Okay...what next. If in doubt - try it on a real machine. Mmm...looks the same, press and hold reset and hay look... the logo changes to the FONT characters as the IRQ's go down, so they are there.

Okay...Now I know the grahics are right, lets step through the print routine - which I was assuming worked fine. Now I have a table lookup to translate ascii into my font using self mod code, and it turns out that this table USED to be on a 256 byte bounday, so I would store the character in the low byte and have the high byte point to the table. However, with the big memory move, its all changed... and this table no longer sits on a nice 256 byte boundry! The result is that during the look up, all letters are changing to a space! DOH! So, now I align the table and PING! All working again, so quickly put in all the bits I'd taken out, and bang! Back to normal.

So... when debugging, lop out as much as you can; coment out huge sections, #ifdef 0, or whatever! The less code you have to step through, the quicker you'll find that bug - Here endith the lesson.

Tuesday, December 12, 2006

XeO3: Bugging me....

Been a few weeks now since I last did anything really, so I started to try and hunt down the bug in the new cache system. I'm getting less and less time just now, so I only really got a chance to go over the code a little but I'm sure its in the cache. I reduced the number of cache entries down to 2, and the sprite corruption showed up everywhere, so I think its something to do with the last cache block, although I've no idea currently what that is. I hope to start proper debugging tonight, but that assumes I'll be able to stay awake long enough. I'm currently struggling with a cold which has me virtually asleep at my desk.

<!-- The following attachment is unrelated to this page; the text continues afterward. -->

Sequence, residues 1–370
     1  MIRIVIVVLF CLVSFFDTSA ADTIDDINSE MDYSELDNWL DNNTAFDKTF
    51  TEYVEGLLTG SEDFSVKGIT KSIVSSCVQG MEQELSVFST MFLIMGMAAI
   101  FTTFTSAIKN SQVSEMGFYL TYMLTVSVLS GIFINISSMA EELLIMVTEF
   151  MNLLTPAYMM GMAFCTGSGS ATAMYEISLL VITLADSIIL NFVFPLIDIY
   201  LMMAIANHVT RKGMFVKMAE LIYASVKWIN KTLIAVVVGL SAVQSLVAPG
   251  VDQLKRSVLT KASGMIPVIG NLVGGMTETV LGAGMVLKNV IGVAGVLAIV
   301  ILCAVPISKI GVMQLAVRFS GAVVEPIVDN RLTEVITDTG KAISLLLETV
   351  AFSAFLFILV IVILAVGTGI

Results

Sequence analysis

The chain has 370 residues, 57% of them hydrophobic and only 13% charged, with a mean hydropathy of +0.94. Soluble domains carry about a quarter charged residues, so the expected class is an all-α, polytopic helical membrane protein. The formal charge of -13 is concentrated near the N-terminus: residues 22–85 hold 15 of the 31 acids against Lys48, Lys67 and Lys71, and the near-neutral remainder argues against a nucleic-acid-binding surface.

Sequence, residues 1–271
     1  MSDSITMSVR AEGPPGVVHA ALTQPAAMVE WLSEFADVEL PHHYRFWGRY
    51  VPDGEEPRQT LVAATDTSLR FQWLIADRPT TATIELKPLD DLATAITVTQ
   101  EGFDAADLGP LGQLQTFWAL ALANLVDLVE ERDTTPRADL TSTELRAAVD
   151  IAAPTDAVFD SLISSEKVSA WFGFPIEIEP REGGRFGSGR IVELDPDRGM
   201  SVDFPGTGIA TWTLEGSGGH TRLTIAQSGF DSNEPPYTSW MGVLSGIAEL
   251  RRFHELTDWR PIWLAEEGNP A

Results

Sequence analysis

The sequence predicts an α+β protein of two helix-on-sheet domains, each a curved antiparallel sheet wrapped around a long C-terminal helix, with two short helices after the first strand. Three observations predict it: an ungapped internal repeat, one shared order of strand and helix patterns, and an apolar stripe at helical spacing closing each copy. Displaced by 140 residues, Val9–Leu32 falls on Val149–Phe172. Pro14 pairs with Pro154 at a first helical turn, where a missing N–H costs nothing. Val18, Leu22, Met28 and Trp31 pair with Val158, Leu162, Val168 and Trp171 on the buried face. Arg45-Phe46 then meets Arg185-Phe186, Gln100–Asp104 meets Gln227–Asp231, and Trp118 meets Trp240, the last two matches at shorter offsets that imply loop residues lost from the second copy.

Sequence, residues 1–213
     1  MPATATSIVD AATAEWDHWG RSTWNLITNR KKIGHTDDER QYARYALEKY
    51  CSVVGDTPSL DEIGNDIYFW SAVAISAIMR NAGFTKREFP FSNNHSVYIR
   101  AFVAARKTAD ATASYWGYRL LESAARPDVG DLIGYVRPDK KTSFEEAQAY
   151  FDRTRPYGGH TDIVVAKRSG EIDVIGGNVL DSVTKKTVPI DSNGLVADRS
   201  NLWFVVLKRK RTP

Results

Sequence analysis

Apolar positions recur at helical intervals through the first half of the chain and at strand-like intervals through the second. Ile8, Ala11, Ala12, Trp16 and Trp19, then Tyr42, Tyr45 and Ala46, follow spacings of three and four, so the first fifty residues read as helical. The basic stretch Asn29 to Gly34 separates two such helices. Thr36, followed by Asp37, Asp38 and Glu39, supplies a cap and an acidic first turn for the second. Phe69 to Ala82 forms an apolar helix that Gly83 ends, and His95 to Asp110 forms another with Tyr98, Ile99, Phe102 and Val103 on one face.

Anyway, while plodding away with XeO3 this year, I've been thinking that 8bit development has gotten far easier than it used to be, and I don't think theres any one reason why, I think tools are better, turn around is better, editors and web help and we just know more about it. Hell, I did the C64 multiplexor in a couple of days! It used to take weeks! But with this bug, I'm starting to think that its all just down to experiance. I've done lots of harder things now, and retro coding is pretty simple as far as game logic goes, so we just dont make as many mistakes as we used to when we were starting out. This new bug on the other hand is a little more complex as it's now using a more advanced/faster cache that will take a little time to unravel. Still, its good to know that I can still learn stuff, and Im not quite as thick as I once was.